clinical topic updates

Discontinuing Methotrexate in Patients on Biologic-Methotrexate Combination Regimens

by Jeffrey R. Curtis, MD, MS, MPH

Overview

While methotrexate (MTX) is considered the foundational drug for the treatment of rheumatoid arthritis (RA) and should be a component of the combination regimens with targeted agents, many people are unable or unwilling to continue MTX indefinitely. The discontinuation of MTX for these patients is usually feasible.

Expert Commentary

Jeffrey R. Curtis, MD, MS, MPH

Marguerite Jones Harbert-Gene V. Ball, MD Professor of Medicine
Co-Director, UAB Pharmacoepidemiology and Pharmacoeconomics Research (PEER) Unit
Division of Clinical Immunology and Rheumatology
University of Alabama at Birmingham
Birmingham, AL

“Some patients may tolerate MTX, but only grudgingly, and, if you wait for them to initiate a discussion about discontinuing MTX due to tolerability issues, that conversation may never happen.”

Jeffrey R. Curtis, MD, MS, MPH

 MTX is the foundation of therapy for patients with RA, and it is associated with at least some incremental benefit when combined with virtually any other biologic or targeted therapy. The evidence suggests that, in those with significant disease activity who are on MTX, a biologic or targeted synthetic agent should be added to the MTX, provided the patient is willing and able to stay on the MTX. Combination therapy with MTX has the advantage of reducing the induction of antidrug antibodies, particularly for monoclonal antibodies and the anti–tumor necrosis factor agents. I might keep these patients on low-dose MTX, even as low as 7.5 mg per week, mainly for the purpose of reducing immunogenicity, for example, with infliximab or adalimumab. This is not an issue with Janus kinase inhibitors and is less of a problem with the anti–interleukin-6 agents.

Many patients do not like being on MTX, and there is a meaningful fraction of individuals who either cannot or will not tolerate it. These patients fall into 2 groups. The first group includes those who have some safety or extreme tolerability issue that makes MTX completely unacceptable (eg, their liver function tests skyrocket, nausea/fatigue are prohibitive), which becomes clear quickly. The other group includes those who just do not feel well on MTX and/or they are uneasy about being on the drug. If their RA is bad enough, they will take the drug, but they are not happy about itSome patients may tolerate MTX, but only grudgingly, and, if you wait for them to initiate a discussion about discontinuing MTX due to tolerability issues, that conversation may never happen.

Once these patients have achieved some improvement in their disease activity, they often want to get off the MTX. Some will bring it up, but others (perhaps those who do not want to be perceived as “bad patients”) will just stop adhering or will discontinue the drug. If you ask your patients, many will tell you that they prefer peeling back MTX if they get to low disease activity. There are data to suggest that this is feasible. For example, in the ORAL Shift study, patients who received tocilizumab plus MTX were able to withdraw MTX without significant worsening of disease activity.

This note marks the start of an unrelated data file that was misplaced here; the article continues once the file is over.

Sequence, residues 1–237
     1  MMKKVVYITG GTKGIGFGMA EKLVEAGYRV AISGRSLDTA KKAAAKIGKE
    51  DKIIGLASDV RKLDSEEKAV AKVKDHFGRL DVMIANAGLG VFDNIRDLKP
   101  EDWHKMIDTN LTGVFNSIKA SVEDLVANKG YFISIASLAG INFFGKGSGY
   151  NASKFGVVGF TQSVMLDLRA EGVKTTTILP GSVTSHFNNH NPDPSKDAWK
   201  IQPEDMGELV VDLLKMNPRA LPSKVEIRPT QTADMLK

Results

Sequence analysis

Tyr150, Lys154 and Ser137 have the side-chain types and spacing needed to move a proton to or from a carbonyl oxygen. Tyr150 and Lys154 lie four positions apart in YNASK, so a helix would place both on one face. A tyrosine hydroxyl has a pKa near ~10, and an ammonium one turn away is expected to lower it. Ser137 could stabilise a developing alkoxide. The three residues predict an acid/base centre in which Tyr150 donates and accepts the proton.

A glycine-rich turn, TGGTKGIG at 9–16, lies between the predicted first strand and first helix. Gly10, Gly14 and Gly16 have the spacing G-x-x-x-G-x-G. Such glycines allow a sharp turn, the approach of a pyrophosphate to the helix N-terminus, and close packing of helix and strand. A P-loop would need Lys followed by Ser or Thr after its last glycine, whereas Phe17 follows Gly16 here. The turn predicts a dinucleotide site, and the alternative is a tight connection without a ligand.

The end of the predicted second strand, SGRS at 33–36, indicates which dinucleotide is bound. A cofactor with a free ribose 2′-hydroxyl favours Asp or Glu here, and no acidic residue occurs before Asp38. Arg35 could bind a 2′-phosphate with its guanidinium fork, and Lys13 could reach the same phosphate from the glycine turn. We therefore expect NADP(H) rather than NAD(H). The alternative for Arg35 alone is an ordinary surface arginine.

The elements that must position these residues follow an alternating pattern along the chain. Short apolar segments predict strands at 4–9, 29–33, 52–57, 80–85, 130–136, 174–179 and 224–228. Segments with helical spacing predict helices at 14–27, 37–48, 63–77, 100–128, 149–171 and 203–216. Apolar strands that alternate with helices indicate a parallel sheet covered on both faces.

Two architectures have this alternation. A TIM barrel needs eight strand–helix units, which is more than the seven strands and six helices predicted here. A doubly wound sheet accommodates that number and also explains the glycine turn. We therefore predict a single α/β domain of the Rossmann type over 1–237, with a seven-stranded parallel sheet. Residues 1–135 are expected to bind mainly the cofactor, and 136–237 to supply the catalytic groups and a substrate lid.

There is no defined protocol for discontinuing MTX, and the drug was just stopped abruptly in some trials. Although this is a clean approach and gives you an answer regarding whether you need MTX, I usually prefer to discontinue the drug over a period of several months. I typically reduce the dose by half and wait 3 to 6 months. If the patient does not feel worse at that point, you can completely stop the drug. This is a less risky method that prevents you from having to reinitiate MTX to recapture the response.

References

Cohen SB, Pope J, Haraoui B, et al. Methotrexate withdrawal in patients with rheumatoid arthritis who achieve low disease activity with tofacitinib modified-release 11 mg once daily plus methotrexate (ORAL Shift): a randomized, phase 3b/4, non-inferiority trial. The Lancet Rheumatology2019;1(1):E23-E34.

Curtis J, Lin Y, Thangavelu K, et al. Withdrawal of conventional synthetic disease-modifying antirheumatic drugs in the sarilumab open-label EXTEND study: efficacy and safety analysis [abstract 2351]. Arthritis Rheumatol. 2019;71(suppl 10).https://acrabstracts.org/abstract/withdrawal-of-conventional-synthetic-disease-modifying-antirheumatic-drugs-in-the-sarilumab-open-label-extend-study-efficacy-and-safety-analysis/. Accessed March 11, 2020.

Dougados M, Kissel K, Sheeran T, et al. Adding tocilizumab or switching to tocilizumab monotherapy in methotrexate inadequate responders: 24-week symptomatic and structural results of a 2-year randomised controlled strategy trial in rheumatoid arthritis (ACT-RAY). Ann Rheum Dis. 2013;72(1):43-50.

Fleischmann R, Wollenhaupt J, Cohen S, et al. Effect of discontinuation or initiation of methotrexate or glucocorticoids on tofacitinib efficacy in patients with rheumatoid arthritis: a post hoc analysis. Rheumatol Ther. 2018;5(1):203-214.

Kremer JM, Rigby W, Singer NG, et al. Sustained response following discontinuation of methotrexate in patients with rheumatoid arthritis treated with subcutaneous tocilizumab: results from a randomized, controlled trial. Arthritis Rheumatol. 2018;70(8):1200-1208.

Peterfy C, Kremer J, Rigby W, et al. Magnetic resonance imaging (MRI) results following discontinuation of methotrexate in rheumatoid arthritis treated with subcutaneous tocilizumab: the COMP-ACT MRI substudy. J Rheumatol. 2020;47(3):325-332.

Subesinghe S, Scott IC. Key findings from studies of methotrexate tapering and withdrawal in rheumatoid arthritis. Expert Rev Clin Pharmacol. 2015;8(6):751-760.

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